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Review 2: "Viral Proteins Activate PARIS-Mediated tRNA Degradation and Viral tRNAs Rescue Infection"

Reviewers offered strong support for this manuscript characterizing the PARIS bacterial immune system, praising the compelling multi-disciplinary evidence presented on the mechanism of PARIS activation and tRNA degradation to induce viral infection abortion.

Published onFeb 28, 2024
Review 2: "Viral Proteins Activate PARIS-Mediated tRNA Degradation and Viral tRNAs Rescue Infection"
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Viral proteins activate PARIS-mediated tRNA degradation and viral tRNAs rescue infection
Viral proteins activate PARIS-mediated tRNA degradation and viral tRNAs rescue infection

Abstract Viruses compete with each other for limited cellular resources, and some viruses deliver defense mechanisms that protect the host from competing genetic parasites. PARIS is a defense system, often encoded in viral genomes, that is composed of a 53 kDa ABC ATPase (AriA) and a 35 kDa TOPRIM nuclease (AriB). Here we show that AriA and AriB assemble into a 425 kDa supramolecular immune complex. We use cryo-EM to determine the structure of this complex which explains how six molecules of AriA assemble into a propeller-shaped scaffold that coordinates three subunits of AriB. ATP-dependent detection of foreign proteins triggers the release of AriB, which assembles into a homodimeric nuclease that blocks infection by cleaving the host tRNALys. Phage T5 subverts PARIS immunity through expression of a tRNALys variant that prevents PARIS-mediated cleavage, and thereby restores viral infection. Collectively, these data explain how AriA functions as an ATP-dependent sensor that detects viral proteins and activates the AriB toxin. PARIS is one of an emerging set of immune systems that form macromolecular complexes for the recognition of foreign proteins, rather than foreign nucleic acids.

RR:C19 Evidence Scale rating by reviewer:

  • Strong. The main study claims are very well-justified by the data and analytic methods used. There is little room for doubt that the study produced has very similar results and conclusions as compared with the hypothetical ideal study. The study’s main claims should be considered conclusive and actionable without reservation.



In this manuscript, the Isaev, Wiedenheft and Bikard groups have characterized the activity of the recently discovered PARIS bacterial immune system. They find that the Paris immune system encodes two proteins AriA and AriB, which form a large, oligomeric complex. This AriA6B3 complex is the inactive state, and recognition of the phage Ocr protein triggers AriB release and activation. AriB is a nuclease that degrades host tRNA to induce translational shutdown and abortive infection, but this defense can be overcome by phage-encoded mutant tRNA that resist AriB nuclease activity.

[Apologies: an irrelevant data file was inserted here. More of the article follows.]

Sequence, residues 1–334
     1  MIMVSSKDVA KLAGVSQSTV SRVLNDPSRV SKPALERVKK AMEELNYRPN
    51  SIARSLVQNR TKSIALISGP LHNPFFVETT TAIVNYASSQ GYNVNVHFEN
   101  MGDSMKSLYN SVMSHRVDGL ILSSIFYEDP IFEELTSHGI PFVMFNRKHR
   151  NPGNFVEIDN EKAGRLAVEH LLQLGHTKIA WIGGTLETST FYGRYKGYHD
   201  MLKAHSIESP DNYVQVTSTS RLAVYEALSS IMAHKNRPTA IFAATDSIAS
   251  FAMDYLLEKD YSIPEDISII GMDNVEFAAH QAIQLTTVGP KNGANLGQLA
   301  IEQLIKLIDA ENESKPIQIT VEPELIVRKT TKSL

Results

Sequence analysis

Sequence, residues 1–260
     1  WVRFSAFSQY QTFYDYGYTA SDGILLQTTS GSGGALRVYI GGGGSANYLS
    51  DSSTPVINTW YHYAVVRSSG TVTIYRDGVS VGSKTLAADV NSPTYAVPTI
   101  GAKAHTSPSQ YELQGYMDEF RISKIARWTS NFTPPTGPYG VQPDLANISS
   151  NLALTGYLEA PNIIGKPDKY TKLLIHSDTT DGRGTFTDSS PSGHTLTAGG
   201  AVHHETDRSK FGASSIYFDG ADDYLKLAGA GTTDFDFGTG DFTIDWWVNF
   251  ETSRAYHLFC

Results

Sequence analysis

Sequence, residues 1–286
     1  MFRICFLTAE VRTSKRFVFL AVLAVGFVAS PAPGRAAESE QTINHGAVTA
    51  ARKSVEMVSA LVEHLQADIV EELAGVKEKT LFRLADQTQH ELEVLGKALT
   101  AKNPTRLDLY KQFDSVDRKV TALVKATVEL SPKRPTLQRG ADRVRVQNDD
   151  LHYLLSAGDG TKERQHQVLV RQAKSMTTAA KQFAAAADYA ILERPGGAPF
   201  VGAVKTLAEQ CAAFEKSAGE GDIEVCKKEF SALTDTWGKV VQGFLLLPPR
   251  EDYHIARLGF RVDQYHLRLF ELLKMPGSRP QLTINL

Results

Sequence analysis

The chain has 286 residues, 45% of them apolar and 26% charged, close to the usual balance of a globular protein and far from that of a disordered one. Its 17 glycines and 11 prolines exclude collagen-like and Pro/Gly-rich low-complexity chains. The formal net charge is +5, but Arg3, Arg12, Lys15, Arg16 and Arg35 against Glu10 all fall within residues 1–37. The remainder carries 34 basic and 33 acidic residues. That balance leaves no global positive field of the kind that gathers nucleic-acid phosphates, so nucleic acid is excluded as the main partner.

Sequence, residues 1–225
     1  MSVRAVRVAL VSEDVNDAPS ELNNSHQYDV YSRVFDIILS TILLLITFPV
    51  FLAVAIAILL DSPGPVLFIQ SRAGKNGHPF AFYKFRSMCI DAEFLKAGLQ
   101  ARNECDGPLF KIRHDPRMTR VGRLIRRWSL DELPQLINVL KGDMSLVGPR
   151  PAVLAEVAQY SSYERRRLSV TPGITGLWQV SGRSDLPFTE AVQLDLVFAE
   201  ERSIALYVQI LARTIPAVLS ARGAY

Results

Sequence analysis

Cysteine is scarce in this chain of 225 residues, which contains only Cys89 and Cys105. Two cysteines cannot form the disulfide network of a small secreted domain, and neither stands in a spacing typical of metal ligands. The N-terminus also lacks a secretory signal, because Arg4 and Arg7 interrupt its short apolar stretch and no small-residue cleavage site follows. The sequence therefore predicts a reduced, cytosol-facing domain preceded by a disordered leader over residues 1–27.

Overall, this is a very strong manuscript. The combination of cryo-EM structures with functional data provides compelling evidence for the Paris mechanism and will be of great interest to the expanding bacterial immunity field.

If the authors could address the following points, the manuscript would be strengthened further:

  1. The conformational change in the AriB cis to trans is not very clear. Mode vectors would help with this visualization.

  2. Interface between AriA and AriB is rather small, and AriB appears to be sub-stoichiometric (at least based on the weak density in the 2D and 3D classes). This is the case for the Corbett lab preprint. In that case, how is the toxic effect prevented?

  3. The authors used local refinement to improve the density for an asymmetric unit of the AriAB map. Did the authors attempt symmetry expansion prior to focused 3D classification and local refinement? If not, why?

  4. The description in the methods section of how 3DVA was performed and how the results were visualized is insufficient. How was this done? What resolution was the map low pass filtered to, what was the output mode? Showing different conformations from 3DVA as a supplementary figure would be insightful and useful for the reader.

  5. Bootstrap scale of phylogenetic tree in Fig. 6 is unclear. It is hard to see the different shades of green.

  6. The phylogenetics is very fascinating, particularly the fused Paris systems. Since the canonical Paris seems to function through the disassembly of the AriAB complex, how would this work if both proteins were a single fused polypeptide?

  7. The Hi-C experiments in Fig. S8 are a great idea, but the data is not terribly convincing that the chromosome changes compactness.

  8. Based on the AF2 model of the AriB dimer, can the authors speculate about what makes this nuclease specific for tRNA cleavage, and how the phage tRNA mutations prevent cleavage activity? Where would the AriB active sites map to the aligned tRNA and the positions of the phage tRNA mutations?

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